King Lear, a profoundly sad play, begins with a funny, gossipy exchange between two of Lear’s trusted counselors. Kent asks Gloucester if a certain handsome young man is Gloucester’s son. Gloucester responds somewhat cryptically, so Kent says “I cannot conceive you”—meaning, “I don’t get what you’re saying.” Gloucester than serves up one of Shakespeare’s favorite rhetorical devices: a sexual pun worthy of any nerdy, 14-year-old boy:
I cannot conceive you.
Sir, this young fellow’s mother could; whereupon she grew round-wombed, and had, indeed, a son for her cradle ere she had a husband for her bed.
(I.1.12-14). Gloucester goes on to acknowledge that he also has an older son “by order of law” who, despite his legitimacy, is “no dearer in [his] account” than the illegitimate one. Gloucester then provides the following arguments as to why he has equal affection for his bastard son:
- “his mother [was] fair;”
- “there was good sport at his making;” and
- “the whoreson must be acknowledged.”
In short, Gloucester makes a case for feelings that are out of joint with the law then governing this aspect of human life. His arguments aren’t exactly sophisticated. They hinge mostly on personal bias. But that last one—that “the whoreson must be acknowledged”—hints at a kind of policy argument. Gloucester seems to say that it is, perhaps, unfair for offspring to be shunned and legally disadvantaged when the offspring had nothing to do with how they appeared on the world’s stage.
Interestingly, it wasn’t until the 1970s that, through a series of SCOTUS decisions, the entrenched vestiges of the common-law of “bastardy” started to be dismantled in the U.S. See, e.g., New Jersey Welfare Rights Org. v. Cahill, 411 U.S. 619 (1973) (finding that limiting welfare assistance to households in which parents are ceremonially married and children are legitimate or adopted violated the equal-protection rights of illegitimate children); Richardson v. Griffin, 409 U.S. 1069 (1972) (affirming conclusion that Social Security provision entitling illegitimate children to monthly benefit payments only to extent that payments to widow and legitimate children had not first been exhausted denied illegitimates equal protection).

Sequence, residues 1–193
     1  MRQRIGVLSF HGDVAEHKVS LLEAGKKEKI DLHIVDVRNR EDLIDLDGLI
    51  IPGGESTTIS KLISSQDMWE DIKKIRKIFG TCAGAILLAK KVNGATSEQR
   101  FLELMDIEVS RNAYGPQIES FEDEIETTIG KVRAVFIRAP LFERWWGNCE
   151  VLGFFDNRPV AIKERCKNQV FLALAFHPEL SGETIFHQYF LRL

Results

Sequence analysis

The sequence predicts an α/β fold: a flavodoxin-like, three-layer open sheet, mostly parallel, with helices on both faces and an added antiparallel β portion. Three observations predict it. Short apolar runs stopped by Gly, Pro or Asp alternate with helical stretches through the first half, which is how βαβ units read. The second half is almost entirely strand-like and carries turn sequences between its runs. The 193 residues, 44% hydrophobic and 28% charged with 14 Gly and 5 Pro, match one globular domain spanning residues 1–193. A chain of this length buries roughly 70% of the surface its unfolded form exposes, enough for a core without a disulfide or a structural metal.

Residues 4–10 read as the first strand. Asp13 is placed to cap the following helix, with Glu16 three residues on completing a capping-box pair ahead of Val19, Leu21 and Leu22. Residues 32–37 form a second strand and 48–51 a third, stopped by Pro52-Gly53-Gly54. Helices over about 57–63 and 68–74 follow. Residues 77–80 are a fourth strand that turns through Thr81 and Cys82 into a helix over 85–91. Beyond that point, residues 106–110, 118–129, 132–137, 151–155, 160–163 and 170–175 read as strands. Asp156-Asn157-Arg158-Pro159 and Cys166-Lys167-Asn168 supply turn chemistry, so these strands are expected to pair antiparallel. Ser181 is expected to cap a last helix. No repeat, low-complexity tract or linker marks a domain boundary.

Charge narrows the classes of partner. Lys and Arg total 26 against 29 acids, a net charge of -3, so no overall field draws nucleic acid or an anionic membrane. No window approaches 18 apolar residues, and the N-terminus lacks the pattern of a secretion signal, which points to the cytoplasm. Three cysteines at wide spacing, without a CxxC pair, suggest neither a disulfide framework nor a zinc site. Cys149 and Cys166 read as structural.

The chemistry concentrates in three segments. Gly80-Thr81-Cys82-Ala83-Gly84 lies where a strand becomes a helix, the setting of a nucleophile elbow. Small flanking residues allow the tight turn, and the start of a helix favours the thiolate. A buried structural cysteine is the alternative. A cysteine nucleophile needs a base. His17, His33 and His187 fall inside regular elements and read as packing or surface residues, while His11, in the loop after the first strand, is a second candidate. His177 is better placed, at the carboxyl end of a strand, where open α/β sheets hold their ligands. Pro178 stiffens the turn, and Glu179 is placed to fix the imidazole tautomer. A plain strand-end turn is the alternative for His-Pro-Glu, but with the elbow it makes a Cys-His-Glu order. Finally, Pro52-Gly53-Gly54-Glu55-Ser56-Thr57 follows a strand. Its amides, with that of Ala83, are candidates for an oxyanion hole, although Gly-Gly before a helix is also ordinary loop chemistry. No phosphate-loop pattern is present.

State and federal legislators in this country were content to continue to discriminate against illegitimates until well after their counterparts in other countries, like the common-law mothership Great Britain, abolished such practices by legislation. So litigants had to make Constitutional arguments and rely on the Supreme Court to eventually step up and protect the rights of this particular minority (which has included folks like founding father Alexander Hamilton and Apple founder Steve Jobs).
Ultimately, equal protection arguments are all about fairness, which means people are suspicious of them. They hinge on policy arguments. And the trouble is that competing policy arguments exist on both sides of any given legal issue, not just when it comes to equal-protection claims. This is because people have different notions about what will render the world fairer and whose interests should win out when it seems like a zero-sum game (such that making the world fairer for one group might mean that some other group is going to have to give something up). In any event, I tell me students that, even though policy arguments are seen as “inferior” in terms of conventional rules of construction, I believe they are almost always what really carry the day. This position may seem cynical since policy arguments are often political—or at least they reflect different visions of how best to organize the polis that are often associated with one political party or another. But the truth is, most judges, like most people, believe in fairness; and they want to believe that any given decision they make is fair—indeed, fairer than the proposed alternative. So, I think that legal arguments, even if technically unassailable, need to tap into the decision-makers’ sense of fairness or they are a tougher sell. Lawyers have to keep this in mind. Especially when two sides of an argument are clearly associated with two sides of a politically charged fight, an advocate on one side trying to get through to a decision-maker seemingly on the other side must overcome any predisposition against “bastards” by appealing to the latter’s sense of fairness—but on terms to which those inclined against bastards can appreciate.
Of course, if someone—especially someone lucky enough to wear a black robe for a living—has given up on fairness altogether, that is a different matter. Those anomalous types, who just see the judicial process as indistinguishable from any other political battle, another game to be manipulated so that a particular team, no matter the inherent justice of that team’s positions, always wins because that team is seen as furthering that person’s short-term self-interests— Well, those are the real bastards.